On swallowing the three season-ending losses, UW cornerback Scott Starks conceded, "It is a bit difficult to do. But I'm a half-full kind of guy, so I'm always going to think about the nine wins and try to put the three losses in the back of my mind."

Freshman middle linebacker Andy Crooks probably summed it up best: "We didn't finish like we would have liked."


The Music City Bowl in Nashville Dec. 31 was a classic case of the immovable object, the Alabama run defense, meeting the irresistible force, the Minnesota rushing attack.

Consider this one a win for the irresistible force.

Alabama entered the game sporting the nation's second-ranked defense. The Tide were so strong this year that no running back gained 100 yards on them. Alabama even held Auburn to 79 yards rushing in the regular-season finale.

Enter Minnesota's fabulous tandem of Marion Barber III and Laurence Maroney.

Minnesota fell behind 7-0 early when Barber fumbled on the second play of the game and tried to pick the ball up instead of falling on it. It led to a short Tide scoring pass. But Gophers reeled off 17 unanswered points to take command of the game.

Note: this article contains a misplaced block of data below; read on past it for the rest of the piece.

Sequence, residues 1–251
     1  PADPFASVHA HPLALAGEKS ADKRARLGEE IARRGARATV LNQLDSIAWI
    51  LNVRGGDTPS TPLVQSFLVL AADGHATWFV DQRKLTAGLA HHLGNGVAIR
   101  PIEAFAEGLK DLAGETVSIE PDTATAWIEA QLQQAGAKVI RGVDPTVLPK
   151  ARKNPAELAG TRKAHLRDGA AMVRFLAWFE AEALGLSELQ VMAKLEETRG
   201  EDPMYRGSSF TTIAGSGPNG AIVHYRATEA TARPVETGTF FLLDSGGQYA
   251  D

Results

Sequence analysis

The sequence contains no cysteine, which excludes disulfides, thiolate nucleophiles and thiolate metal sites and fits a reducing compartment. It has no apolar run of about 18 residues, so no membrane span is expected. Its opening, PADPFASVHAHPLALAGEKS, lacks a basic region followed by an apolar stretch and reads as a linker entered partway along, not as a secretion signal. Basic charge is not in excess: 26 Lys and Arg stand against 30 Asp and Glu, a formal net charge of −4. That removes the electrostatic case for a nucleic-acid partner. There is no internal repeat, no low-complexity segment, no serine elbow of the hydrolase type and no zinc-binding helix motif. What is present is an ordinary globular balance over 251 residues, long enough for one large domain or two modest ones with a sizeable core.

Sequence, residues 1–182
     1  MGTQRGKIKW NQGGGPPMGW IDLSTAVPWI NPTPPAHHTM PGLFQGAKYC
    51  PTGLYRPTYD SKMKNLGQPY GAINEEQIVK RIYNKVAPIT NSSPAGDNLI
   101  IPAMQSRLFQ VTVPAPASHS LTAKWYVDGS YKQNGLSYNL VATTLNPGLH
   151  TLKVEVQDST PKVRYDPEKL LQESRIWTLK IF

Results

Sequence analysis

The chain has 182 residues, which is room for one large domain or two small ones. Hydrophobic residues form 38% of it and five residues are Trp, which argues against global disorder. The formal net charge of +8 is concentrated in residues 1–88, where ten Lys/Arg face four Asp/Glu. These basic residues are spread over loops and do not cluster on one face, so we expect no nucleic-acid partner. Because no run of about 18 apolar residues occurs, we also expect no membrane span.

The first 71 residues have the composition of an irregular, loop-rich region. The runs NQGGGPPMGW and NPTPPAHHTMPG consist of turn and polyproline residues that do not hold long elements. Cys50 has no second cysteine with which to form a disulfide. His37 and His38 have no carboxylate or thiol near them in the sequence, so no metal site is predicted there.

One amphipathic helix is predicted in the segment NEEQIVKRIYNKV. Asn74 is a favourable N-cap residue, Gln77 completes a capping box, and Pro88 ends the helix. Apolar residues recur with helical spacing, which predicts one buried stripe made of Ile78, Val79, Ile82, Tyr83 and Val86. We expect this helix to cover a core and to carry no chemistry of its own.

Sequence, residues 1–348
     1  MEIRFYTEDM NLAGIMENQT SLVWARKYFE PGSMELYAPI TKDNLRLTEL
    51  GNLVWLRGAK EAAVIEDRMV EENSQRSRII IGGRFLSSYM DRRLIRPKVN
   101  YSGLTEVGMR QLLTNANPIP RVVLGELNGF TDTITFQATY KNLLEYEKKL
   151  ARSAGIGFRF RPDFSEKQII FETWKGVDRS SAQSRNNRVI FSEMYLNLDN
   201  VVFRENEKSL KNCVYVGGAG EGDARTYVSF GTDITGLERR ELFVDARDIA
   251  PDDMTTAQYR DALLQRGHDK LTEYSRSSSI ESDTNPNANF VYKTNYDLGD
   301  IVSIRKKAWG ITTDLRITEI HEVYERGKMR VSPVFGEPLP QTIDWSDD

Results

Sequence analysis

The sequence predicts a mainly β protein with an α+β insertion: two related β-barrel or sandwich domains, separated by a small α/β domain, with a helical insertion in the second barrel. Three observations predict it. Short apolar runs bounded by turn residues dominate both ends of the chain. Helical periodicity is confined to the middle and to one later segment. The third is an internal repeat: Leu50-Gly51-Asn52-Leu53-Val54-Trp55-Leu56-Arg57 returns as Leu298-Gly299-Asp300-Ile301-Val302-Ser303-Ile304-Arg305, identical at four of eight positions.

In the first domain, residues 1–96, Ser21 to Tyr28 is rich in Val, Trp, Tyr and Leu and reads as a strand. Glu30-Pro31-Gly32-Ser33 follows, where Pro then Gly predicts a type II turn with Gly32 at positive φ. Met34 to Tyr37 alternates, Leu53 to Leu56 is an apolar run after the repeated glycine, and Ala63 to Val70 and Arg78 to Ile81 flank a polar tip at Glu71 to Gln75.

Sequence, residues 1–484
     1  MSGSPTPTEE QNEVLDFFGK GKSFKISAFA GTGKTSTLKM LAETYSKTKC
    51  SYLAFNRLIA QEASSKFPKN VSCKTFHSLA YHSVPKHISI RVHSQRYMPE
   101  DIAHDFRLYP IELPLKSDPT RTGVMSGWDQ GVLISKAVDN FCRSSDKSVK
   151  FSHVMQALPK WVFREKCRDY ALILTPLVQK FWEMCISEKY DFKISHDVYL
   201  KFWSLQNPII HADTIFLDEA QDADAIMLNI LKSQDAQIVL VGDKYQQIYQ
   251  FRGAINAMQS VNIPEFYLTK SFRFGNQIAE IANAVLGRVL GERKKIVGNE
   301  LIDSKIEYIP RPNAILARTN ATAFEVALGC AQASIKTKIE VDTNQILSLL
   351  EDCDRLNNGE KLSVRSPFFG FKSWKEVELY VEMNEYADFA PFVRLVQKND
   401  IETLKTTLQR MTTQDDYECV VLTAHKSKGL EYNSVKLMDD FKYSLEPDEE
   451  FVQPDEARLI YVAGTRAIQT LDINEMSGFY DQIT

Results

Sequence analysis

Barber III gouged Alabama for 204 yards and a touchdown while stable mate Maroney rode the Tide for another 109 yards.

The Golden Gophers (7-5) ran for over 300 yards in overcoming three turnovers — including two by Barber — on their first three drives. Still, they nearly gave the game away in the fourth quarter.

After Rhis Lloyd missed a fourth-quarter field goal try, the Gophers were pinned deep in their own territory, where they smartly decided to take a safety to make it 20-16 rather than have to punt the ball out of their own end zone.

Still, Alabama returned the free kick to the Minnesota 48-yard line and four completions by QB Spencer Pennington later the Tide were on the verge of getting into the end zone. But Minnesota held on downs before running out the clock.

Speaking of his dynamic duo at tailback, Minnesota coach Glen Mason knew where to hand out the praises after the game. "They're a duo, and they're both going to come at you. They must be pretty good, I guess."


The Rose Bowl story line was a simple one. This was a New Year's Day match up of two of the most storied programs in college football — Texas and Michigan.

The game itself wasn't a whole lot more complicated. The story here was the inability of the Michigan defense to stop electrifying Texas QB Vincent Young. The Longhorn signal caller simply overwhelmed Michigan defenders, leading Texas to a thrilling, come-from-behind 38-37 victory.

The only matchup in Southern California more lopsided than Young vs. the Michigan defense might have be the pastry chef down at the Morton's Steakhouse on Figueroa Street in Los Angeles vs. the toast.